Perhaps apropos of nothing, despite the use of multi-racial stock footage on their websites, all three schools are effectively entirely black. As is Southfield itself. It is in fact, often cited as a prime example of a successful, predominantly black, middle-class suburb.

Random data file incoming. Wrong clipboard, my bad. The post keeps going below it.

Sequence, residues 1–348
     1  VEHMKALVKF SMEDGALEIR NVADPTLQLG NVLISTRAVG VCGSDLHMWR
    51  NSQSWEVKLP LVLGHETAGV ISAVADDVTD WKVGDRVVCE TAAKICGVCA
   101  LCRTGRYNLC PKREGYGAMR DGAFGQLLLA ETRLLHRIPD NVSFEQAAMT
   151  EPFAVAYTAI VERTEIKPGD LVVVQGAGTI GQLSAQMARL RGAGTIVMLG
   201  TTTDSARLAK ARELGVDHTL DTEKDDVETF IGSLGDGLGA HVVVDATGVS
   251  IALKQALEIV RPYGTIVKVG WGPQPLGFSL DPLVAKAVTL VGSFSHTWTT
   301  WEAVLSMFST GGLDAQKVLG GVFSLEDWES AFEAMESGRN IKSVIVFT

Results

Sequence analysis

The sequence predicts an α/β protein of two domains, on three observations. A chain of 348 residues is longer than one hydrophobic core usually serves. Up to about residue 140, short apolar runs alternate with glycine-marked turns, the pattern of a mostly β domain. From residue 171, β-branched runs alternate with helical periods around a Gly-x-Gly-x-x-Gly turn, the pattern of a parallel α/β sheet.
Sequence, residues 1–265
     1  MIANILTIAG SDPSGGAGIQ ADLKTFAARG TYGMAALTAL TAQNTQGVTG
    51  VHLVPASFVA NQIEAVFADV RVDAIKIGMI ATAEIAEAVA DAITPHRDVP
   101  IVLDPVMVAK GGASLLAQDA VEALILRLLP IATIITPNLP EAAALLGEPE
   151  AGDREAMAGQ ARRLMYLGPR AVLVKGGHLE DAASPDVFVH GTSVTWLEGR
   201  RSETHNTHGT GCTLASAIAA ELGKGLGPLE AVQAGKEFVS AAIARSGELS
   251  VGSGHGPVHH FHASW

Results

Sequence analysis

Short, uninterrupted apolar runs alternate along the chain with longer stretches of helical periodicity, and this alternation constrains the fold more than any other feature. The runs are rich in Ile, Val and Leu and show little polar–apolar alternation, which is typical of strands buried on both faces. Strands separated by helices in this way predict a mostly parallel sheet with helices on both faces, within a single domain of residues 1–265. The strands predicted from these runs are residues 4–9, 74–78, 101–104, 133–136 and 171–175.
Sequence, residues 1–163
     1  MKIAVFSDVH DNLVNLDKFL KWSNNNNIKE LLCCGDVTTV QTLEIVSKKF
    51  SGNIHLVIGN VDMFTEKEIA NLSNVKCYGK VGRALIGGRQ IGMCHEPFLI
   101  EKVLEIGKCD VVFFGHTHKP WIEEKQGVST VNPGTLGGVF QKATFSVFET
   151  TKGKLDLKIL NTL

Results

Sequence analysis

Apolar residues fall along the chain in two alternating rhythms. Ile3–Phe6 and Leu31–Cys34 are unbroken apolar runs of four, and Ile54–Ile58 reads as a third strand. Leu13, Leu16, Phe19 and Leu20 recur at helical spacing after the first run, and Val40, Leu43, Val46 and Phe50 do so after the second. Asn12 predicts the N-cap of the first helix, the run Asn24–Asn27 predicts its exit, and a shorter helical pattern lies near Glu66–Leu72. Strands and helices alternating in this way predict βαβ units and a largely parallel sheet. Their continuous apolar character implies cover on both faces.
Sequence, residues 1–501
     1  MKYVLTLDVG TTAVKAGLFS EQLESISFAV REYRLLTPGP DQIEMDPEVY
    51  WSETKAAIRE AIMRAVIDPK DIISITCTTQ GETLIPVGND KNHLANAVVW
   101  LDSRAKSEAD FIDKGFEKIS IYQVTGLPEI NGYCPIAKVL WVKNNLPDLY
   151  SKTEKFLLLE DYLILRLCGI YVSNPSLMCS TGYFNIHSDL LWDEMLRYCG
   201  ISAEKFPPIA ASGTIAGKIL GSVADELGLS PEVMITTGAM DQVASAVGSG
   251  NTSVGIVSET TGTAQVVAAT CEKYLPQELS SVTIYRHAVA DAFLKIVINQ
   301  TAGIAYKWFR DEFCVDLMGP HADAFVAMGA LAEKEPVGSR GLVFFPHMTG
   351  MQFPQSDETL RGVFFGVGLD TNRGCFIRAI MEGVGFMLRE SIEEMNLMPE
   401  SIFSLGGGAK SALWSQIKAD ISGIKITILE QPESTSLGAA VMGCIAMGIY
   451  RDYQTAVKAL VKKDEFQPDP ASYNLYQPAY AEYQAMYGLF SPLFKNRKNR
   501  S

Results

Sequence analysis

When I was in high school, everything was about inclusiveness and diversity. We had various programs to force kids of all stripes to interact in the hopes of increasing empathy. As far as I remember there was no effort to differentiate kids academically in any way as that would have been -- elitist? divisive? I don't know, but the supposition was that by forcing you to interact with kids who were not of your ethnicity, economic class, or academic level, you would learn tolerance and understanding. (Mind you this was 1974-1978, a time which popular culture today would have you believe was only marginally better than slavery.) We believed doing such things made us good people, even though forcing kids into those situations probably caused more resentment and hostility than tolerance. It was akin to forcing bully and victim together in the hopes they would come to respect and appreciate each other. It's not how life works, but that wasn't what counted. We were being good. It was all very well intentioned, as most counterproductive public policies are. Happily, I don't think anyone sees much value in that sort of thing anymore. But we still have to believe everyone just needs time together to understand each other to achieve harmony or we are no longer good. How do we reconcile this? How do we stop strong-arming kids into bitter inclusiveness but not abandon the principle we value so much?